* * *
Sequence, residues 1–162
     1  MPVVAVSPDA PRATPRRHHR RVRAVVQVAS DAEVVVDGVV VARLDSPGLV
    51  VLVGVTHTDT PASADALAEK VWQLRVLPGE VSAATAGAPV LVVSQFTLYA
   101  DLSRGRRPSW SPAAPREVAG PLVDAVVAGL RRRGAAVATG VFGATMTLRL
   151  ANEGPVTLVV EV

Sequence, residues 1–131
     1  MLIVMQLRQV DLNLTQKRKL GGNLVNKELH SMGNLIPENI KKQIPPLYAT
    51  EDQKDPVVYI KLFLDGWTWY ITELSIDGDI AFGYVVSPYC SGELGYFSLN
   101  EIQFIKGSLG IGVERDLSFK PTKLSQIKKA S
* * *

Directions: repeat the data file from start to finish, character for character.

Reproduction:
Sequence, residues 1–162
     1  MPVVAVSPDA PRATPRRHHR RVRAVVQVAS DAEVVVDGVV VARLDSPGLV
    51  VLVGVTHTDT PASADALAEK VWQLRVLPGE VSAATAGAPV LVVSQFTLYA
   101  DLSRGRRPSW SPAAPREVAG PLVDAVVAGL RRRGAAVATG VFGATMTLRL
   151  ANEGPVTLVV EV

Sequence, residues 1–131
     1  MLIVMQLRQV DLNLTQKRKL GGNLVNKELH SMGNLIPENI KKQIPPLYAT
    51  EDQKDPVVYI KLFLDGWTWY ITELSIDGDI AFGYVVSPYC SGELGYFSLN
   101  EIQFIKGSLG IGVERDLSFK PTKLSQIKKA S